Dating someone much younger than you


04-Jan-2016 19:38

After all, there is something innately sexy about a silver fox.

He inevitably has a few years on you – professionally and personally.

I realized that I chose to get involved because I knew I'd be OK when he and I did decide it was time to move on, because I've always been OK in the past.

Granted, some endings are more painful than others, but as I've gotten older and been involved in more relationships, I have learned that the ending is for a good reason, and that my life absolutely goes on -- usually with me having learned something about myself and taking with me new memories and experiences.

I'm pretty sure more than one person has thought that, with our similar hair, skin and eye colors, that we were either brother and really older sister or mom and son, but the pros far outweigh the cons in our relationship. I’ve been checking a lot of things off of my bucket list. The first thing you learn in Stand-up 101 is “write what you know.” I’ve had a lot of life experiences one could label as interesting, but my current dating situation is certainly fodder for comedy –- and maybe it shouldn’t be.

I'm pretty sure more than one person has thought that, with our similar hair, skin and eye colors, that we were either brother and really older sister or mom and son, but the pros far outweigh the cons in our relationship. In my act, I start by addressing my age, my failed marriages and the fact that I’m constantly at the hair salon and Ulta, just like Dolly Parton once famously quipped, “It takes a lot of money to look this cheap.” I say that because of all of this, I’m constantly called the “c-word” –- that “c-word” being “cougar.” I do really hate that word.

When the allure of dating someone new wears off, it’s important to accept your partner for the person that you met – even if they are 20 years your senior.

He did look a bit younger than me (he has what can best be described as a baby face).My energy wasn't spent worrying about whether it was going to go anywhere and when/if it was going to end. As much as I hate to admit it, when I've gone into dating someone in the past who I thought had the potential to be something serious, I've started putting pressure on it. We become so caught up in the of what that relationship could be rather than getting the chance to see if that person or that relationship is something we even want. If you're not worried about it ending or where it's going, then you're not worried about doing anything that might mess things up, so you're just completely yourself, like I was with him.When there's no pressure on it, you can simply spend your time enjoying each other, getting to know each other and allowing it to unfold naturally. I didn't follow any "rules;" I said exactly what I felt like saying (in fact, I was incredibly honest and straightforward), and did exactly what I felt like doing.I asked my friend how old he was, to which she replied, “He’s in his early 30s.” Both my husbands were a few years younger than me, but I had never been with someone over 10 years younger than me. Until I'm no longer happy in this relationship (if that even happens), I'm going to enjoy every moment.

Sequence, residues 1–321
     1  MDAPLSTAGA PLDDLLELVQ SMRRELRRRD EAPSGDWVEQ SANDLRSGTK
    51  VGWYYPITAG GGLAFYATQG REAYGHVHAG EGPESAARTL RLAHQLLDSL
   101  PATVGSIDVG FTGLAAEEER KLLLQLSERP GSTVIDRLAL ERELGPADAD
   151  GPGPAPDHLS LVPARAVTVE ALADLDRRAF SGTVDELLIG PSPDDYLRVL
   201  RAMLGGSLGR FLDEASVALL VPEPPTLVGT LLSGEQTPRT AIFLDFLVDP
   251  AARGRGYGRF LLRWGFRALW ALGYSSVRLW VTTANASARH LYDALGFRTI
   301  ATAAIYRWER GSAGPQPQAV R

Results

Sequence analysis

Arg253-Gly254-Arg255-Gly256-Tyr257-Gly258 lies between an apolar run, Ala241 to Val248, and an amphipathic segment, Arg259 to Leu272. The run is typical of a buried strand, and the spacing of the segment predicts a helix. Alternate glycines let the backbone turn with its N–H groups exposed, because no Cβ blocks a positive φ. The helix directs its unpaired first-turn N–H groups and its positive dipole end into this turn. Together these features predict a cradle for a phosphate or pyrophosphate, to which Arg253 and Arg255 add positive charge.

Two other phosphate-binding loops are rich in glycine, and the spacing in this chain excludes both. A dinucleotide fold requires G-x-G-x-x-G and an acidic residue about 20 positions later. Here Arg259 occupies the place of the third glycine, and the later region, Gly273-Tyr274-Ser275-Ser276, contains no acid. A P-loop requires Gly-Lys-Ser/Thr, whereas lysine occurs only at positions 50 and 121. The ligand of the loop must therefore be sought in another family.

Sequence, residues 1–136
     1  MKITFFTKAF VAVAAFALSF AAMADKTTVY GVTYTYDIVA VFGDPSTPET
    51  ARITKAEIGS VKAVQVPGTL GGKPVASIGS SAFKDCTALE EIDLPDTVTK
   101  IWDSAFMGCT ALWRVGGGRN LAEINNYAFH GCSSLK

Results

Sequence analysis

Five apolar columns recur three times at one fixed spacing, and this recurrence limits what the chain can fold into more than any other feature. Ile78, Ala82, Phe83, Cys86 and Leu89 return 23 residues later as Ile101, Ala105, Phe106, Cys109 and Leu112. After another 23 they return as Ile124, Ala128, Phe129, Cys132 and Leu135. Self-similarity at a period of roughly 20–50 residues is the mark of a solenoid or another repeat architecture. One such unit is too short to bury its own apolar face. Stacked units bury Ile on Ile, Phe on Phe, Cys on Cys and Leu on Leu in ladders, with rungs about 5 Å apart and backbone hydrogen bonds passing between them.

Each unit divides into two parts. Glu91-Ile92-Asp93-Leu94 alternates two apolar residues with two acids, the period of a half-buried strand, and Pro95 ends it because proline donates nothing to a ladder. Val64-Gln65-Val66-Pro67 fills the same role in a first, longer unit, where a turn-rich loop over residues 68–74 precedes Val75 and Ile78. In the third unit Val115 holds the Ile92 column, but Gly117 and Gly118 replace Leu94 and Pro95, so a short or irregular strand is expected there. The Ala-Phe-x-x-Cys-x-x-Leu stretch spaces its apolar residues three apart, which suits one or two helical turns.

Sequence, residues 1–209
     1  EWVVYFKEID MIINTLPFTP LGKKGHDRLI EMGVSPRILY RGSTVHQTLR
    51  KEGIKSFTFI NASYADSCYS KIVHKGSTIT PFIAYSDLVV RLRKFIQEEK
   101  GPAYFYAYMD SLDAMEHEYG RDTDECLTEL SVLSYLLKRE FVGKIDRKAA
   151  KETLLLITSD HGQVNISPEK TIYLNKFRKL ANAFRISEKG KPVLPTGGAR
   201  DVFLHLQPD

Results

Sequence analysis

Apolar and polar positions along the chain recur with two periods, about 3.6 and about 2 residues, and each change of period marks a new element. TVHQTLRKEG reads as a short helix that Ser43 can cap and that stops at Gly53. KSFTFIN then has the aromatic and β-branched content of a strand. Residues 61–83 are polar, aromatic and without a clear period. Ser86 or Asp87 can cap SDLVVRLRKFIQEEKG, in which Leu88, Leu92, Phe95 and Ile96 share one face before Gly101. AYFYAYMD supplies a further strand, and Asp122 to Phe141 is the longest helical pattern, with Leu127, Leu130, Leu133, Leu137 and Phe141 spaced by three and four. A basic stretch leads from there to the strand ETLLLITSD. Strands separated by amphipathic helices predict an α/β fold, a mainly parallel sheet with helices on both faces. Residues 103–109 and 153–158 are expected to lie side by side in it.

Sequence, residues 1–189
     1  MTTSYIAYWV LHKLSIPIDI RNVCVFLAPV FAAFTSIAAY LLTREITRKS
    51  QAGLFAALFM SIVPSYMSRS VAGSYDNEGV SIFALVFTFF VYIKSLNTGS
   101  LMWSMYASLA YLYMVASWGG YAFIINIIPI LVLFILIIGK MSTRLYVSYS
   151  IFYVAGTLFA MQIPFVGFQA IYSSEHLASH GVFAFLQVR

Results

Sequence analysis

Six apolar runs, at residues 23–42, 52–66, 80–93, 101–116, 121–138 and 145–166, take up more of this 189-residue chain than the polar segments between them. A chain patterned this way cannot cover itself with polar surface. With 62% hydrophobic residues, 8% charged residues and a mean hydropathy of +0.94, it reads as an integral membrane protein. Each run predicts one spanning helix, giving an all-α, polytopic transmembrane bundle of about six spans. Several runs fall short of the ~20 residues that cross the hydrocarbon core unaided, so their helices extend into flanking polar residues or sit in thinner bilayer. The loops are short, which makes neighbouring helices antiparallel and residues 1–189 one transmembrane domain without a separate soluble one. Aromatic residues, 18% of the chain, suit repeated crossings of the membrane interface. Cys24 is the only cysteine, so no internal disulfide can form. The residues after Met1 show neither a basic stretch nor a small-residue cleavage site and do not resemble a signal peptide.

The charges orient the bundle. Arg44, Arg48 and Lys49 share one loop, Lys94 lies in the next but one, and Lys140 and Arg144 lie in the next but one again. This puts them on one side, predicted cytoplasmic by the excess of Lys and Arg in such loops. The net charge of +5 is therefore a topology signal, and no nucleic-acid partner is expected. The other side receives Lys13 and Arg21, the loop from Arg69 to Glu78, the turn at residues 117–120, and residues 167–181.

I had been on a few dates with 30-somethings, but nothing really came of those. You know, I could go on and on about the whole double standard thing -– but you and I both know that’s not going to change anytime soon and I feel like talking about it is just a waste of breath. He and I met soon after and were instantly attracted. I know I'm still going to have to defend my decision to a lot of people -- and I'm ready to do so. I just thought sharing my story might help shatter the stereotype of the “c-word.” The moral of the story: Be with whoever makes you happy.